Take me home: High-earning men would take a pay cut if it meant they could spend more time with their partners, according to new findings that bust the stereotype of workaholic male breadwinners dodging familial responsibilities and scoffing at work-life balance.
The study of 4,662 European men aged 25 to 60 debunks two myths: that men thrive on overtime and that they put career above all else. Some 58 per cent of male breadwinners – those who out-earned their partners – said they wanted to work less and be at home more, regardless of whether they had children or not.
"Little is known about whether men actually want to work long hours," sociologists Shireen Kanji of the University of Leicester and Robin Samuel of the University of Bern write in the study, published in the journal Sociology. "Male breadwinners feel constrained from participating as fully as they desire in family life, even if they do not have children."
So far, the conversation around "having it all" has focused on women juggling their professional lives with childcare and domestic duties. The sociologists argue that their portrait of overworked male employees suggests we need to pay more attention to work-life balance as an issue also plaguing modern men. That goes especially for fathers who want to be involved in childcare but feel traditional pressures to put in overtime at inflexible workplaces that don't exactly celebrate paternity leave.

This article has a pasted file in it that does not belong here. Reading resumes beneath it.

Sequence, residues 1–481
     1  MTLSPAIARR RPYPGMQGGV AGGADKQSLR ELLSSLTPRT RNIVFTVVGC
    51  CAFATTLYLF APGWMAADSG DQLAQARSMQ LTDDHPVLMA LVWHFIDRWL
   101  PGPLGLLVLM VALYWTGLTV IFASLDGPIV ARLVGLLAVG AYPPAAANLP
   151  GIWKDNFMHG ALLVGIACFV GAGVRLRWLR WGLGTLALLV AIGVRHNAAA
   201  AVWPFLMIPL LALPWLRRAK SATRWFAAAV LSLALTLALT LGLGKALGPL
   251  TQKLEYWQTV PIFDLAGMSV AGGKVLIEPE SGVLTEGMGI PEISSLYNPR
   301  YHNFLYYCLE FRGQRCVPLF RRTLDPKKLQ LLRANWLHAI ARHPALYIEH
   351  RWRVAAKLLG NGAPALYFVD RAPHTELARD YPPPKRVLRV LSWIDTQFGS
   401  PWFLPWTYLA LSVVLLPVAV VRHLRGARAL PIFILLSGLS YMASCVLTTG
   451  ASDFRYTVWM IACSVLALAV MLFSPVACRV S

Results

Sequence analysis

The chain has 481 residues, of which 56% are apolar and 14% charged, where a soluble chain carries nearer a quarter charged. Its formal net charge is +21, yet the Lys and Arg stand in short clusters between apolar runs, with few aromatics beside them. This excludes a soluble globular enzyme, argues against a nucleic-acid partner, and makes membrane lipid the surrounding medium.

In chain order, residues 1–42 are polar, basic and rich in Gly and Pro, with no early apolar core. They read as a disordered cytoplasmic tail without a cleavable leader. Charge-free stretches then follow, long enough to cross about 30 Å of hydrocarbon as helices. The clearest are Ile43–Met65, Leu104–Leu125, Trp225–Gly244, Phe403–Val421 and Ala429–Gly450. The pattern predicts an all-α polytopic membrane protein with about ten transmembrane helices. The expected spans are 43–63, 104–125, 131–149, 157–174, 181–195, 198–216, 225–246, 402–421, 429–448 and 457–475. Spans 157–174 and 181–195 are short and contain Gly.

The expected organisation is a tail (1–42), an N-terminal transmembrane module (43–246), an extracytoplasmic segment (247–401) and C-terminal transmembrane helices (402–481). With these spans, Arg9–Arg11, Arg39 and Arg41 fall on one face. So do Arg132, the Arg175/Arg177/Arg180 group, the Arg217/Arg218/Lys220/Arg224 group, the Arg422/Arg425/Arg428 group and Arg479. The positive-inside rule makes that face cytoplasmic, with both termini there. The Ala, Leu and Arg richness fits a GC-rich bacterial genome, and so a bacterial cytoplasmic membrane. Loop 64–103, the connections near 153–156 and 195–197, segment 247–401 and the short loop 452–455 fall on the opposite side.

"The common belief that higher-earning men like to work longer to build their careers is shown to be wrong… men who earn the majority of their household's income were most likely to want to work less," read a release for the study.
European men who earned as much as their spouses also wanted to work fewer hours. The same went for single men and men who made less than their partners: fewer gruelling hours, please.
Just 15 per cent of the male breadwinners said they actually wanted to put in longer work weeks. The figures counter a Harvard Business Review report that found male executives were cool with skipping family time because they pay the bills: The mantle of "breadwinner" alleviated their guilt around missing bedtime story hour. The disheartening report again framed work-family balance as solely a women's issue.
Flippant CEOs aside, the juggle is now increasingly a co-ed reality. A 2012 study from the Pew Research Center found that 48 per cent of working dads felt they spent too little time with their kids; 50 per cent said they found it difficult to balance work and family.
"Expectations for dads' participation at home have risen steadily over three generations – but the need to make a living hasn't gone away," father Jeremy Adam Smith wrote in response to the Pew findings. "Many of today's fathers feel caught between the pincers of home and work. Though moms have struggled on both fronts for decades, the juggle is new and shocking to men."
What we need now is an employment movement that unites the sexes and fights for more flexible workplaces, as well as employers who value regenerative time outside the cubicle for mothers, fathers and childless men and women.